The genus Corbicula Megerle von Mühlfeld, 1811, includes many freshwater and brackish species, living in lotic and lentic environments, recently native of Asian, Oceanian and African regions (Bodon et al. 2020) but fossils are also known from interglacial deposits of Europe (e.g. Ložek 1964, Meijer & Preece 2000). The taxonomy at species level is still very difficult and confusing and the number of living valid species and their identification is very uncertain. The different reproductive strategies found in Corbicula (androgenetic hermaphrodite, sexual dioecism, cross-fertilisation and self-fertilisation), as well as possible hybridisation between distinct lineages also make species delimitation problematic (reviewed in Zeng et al. 2023). More information about this problem with relevant references is given in many recent papers, e.g. Pigneur et al. 2014, Bodon et al. 2020, Morhun et al. 2022, Zeng et al. 2023. Some genetic (Pigneur et al. 2011, 2014, Zeng et al. 2023) and morphological (Morhun et al. 2022) studies show that the invasive East Asian Corbicula are two separate species: C. fluminea (O. F. Müller, 1774) and C. leana Prime, 1867. On the other hand, Bodon et al. 2020 record five species in Italy: (C. fluminalis (O. F. Müller, 1774), C. fluminea, C. cf. fluminea, C. largillierti (Philippi, 1844), C. leana).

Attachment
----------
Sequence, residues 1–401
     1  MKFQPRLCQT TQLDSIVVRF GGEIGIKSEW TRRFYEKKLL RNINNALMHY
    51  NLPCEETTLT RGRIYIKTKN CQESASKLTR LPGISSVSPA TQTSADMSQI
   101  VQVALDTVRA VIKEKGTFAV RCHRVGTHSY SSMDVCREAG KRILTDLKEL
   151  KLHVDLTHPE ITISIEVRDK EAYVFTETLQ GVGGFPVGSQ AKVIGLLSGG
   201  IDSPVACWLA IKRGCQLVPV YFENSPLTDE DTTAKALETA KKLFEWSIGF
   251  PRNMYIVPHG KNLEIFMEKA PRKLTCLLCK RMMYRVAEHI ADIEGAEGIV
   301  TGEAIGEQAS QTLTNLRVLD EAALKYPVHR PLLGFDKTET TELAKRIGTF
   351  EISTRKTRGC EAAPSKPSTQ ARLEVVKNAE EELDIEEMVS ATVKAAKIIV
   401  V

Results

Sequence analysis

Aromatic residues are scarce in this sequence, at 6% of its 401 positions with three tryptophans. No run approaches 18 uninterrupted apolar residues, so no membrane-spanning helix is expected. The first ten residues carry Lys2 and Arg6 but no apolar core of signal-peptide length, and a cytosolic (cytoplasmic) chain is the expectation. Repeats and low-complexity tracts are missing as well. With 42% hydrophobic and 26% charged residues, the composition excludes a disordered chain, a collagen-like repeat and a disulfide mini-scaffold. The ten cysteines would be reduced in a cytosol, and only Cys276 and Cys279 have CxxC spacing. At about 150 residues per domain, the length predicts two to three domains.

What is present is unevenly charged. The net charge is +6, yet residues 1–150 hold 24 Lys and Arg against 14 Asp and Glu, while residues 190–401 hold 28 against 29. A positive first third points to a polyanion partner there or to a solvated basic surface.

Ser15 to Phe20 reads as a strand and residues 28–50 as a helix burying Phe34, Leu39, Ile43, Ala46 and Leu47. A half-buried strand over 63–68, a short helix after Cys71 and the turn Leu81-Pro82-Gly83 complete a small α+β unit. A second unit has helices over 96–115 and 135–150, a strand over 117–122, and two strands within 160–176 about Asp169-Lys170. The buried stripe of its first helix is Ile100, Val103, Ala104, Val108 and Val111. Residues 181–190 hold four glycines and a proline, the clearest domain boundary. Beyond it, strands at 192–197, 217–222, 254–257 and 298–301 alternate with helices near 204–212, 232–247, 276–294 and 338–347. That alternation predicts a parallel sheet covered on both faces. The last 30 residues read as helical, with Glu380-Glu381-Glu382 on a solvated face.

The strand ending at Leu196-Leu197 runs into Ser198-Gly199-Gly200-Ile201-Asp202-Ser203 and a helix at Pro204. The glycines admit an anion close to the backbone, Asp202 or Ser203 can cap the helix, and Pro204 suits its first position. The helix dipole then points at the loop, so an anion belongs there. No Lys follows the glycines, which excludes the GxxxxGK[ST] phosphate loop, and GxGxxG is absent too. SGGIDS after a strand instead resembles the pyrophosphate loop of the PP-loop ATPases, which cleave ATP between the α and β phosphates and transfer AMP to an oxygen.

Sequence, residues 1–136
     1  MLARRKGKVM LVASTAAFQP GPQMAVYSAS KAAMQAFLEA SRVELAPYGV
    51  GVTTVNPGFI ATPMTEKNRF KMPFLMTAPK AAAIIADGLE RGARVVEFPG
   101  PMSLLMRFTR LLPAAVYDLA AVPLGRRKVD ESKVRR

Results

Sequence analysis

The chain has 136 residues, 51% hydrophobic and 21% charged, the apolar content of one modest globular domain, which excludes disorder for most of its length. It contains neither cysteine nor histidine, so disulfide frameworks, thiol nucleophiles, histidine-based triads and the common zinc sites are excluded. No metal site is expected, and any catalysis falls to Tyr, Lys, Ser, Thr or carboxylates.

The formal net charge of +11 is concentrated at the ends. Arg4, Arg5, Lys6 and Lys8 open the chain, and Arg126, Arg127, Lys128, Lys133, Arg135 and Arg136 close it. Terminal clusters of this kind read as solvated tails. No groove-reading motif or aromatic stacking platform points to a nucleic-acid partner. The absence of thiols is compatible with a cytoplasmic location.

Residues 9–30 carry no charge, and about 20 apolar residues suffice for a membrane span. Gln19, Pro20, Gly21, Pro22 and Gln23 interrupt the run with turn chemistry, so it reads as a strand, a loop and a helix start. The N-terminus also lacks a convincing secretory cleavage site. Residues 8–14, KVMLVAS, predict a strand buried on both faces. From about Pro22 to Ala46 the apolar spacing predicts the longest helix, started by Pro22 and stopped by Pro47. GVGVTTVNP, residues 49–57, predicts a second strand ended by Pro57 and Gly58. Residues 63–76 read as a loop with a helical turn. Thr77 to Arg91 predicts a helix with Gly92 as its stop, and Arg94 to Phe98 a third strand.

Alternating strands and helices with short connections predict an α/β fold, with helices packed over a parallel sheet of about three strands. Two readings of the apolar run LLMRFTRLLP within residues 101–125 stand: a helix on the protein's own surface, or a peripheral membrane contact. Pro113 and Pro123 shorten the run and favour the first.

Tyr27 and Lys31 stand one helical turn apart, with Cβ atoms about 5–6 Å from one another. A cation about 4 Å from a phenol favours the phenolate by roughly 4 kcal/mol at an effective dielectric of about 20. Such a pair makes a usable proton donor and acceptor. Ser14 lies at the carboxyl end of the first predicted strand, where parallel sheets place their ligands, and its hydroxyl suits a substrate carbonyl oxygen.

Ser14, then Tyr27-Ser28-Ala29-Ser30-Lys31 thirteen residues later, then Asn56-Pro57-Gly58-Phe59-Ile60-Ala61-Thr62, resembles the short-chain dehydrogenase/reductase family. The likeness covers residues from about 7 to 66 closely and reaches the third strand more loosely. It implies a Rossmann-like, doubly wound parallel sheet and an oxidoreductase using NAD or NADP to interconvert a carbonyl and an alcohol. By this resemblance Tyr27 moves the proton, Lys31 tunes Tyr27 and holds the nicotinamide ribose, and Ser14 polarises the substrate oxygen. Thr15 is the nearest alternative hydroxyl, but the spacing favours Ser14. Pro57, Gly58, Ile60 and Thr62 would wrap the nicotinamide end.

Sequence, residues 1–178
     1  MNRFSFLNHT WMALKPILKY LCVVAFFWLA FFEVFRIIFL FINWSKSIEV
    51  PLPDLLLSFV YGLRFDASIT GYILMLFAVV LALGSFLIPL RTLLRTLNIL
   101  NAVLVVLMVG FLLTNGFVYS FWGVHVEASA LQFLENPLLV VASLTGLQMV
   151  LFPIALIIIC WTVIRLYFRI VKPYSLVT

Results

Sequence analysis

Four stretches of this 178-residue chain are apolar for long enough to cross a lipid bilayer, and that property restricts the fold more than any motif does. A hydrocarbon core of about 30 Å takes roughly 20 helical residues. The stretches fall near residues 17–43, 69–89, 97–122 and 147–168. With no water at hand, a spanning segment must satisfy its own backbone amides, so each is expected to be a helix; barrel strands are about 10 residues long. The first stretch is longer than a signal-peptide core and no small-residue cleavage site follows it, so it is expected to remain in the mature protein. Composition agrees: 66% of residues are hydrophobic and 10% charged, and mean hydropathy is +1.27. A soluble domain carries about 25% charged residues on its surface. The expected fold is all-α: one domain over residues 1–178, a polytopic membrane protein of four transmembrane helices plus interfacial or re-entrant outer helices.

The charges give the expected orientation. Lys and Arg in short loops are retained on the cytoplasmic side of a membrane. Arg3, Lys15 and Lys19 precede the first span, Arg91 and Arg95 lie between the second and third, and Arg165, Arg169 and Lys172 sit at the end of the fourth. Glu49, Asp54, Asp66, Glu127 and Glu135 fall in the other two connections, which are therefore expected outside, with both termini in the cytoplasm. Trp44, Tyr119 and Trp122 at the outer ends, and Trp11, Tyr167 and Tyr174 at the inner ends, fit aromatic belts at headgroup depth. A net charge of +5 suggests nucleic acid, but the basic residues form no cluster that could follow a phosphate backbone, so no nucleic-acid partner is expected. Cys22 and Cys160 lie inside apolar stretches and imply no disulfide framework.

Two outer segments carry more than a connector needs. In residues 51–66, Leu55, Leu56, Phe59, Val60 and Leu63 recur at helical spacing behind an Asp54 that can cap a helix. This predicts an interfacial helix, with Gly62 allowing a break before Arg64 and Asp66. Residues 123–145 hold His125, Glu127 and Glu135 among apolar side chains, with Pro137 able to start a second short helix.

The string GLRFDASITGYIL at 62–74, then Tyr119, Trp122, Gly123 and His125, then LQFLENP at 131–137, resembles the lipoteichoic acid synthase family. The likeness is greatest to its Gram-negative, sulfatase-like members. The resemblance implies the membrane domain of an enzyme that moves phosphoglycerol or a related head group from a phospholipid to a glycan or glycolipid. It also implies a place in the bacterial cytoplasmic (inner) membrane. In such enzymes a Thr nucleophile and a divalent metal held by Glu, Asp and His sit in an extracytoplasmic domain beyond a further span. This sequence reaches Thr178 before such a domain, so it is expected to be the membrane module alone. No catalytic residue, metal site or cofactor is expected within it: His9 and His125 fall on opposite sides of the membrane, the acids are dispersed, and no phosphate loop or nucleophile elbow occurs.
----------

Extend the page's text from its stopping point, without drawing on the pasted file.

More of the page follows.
In the Adriatic sea basin, clams of this genus have become common and widespread in Italy (especially in northen and central part) (Bodon et al. 2020) while in the Adriatic sea coast of the Balkan Peninsula they are still rare and are known only from Croatia (Beran 2020, Žganec et al. 2020).

Lake Skadar (Serbo-Croatian: Skadarsko jezero, Albanian: Ligeni I Shkodrës) is situated on the border of Albania and Montenegro. With a surface area that seasonally fluctuates between 370 km2 and 530 km2, it is the largest lake in the Balkan Peninsula (Glöer & Pešić 2008). Research on the aquatic molluscs of Lake Skadar has a long tradition and many papers about its aquatic malacofauna have been published. Most of these papers are cited in Pešić & Glöer (2018) and results of these researchs are summarised there, including the checklist of aquatic molluscs occurring in the Lake Skadar basin. No species of the genus Corbicula are included in this checklist.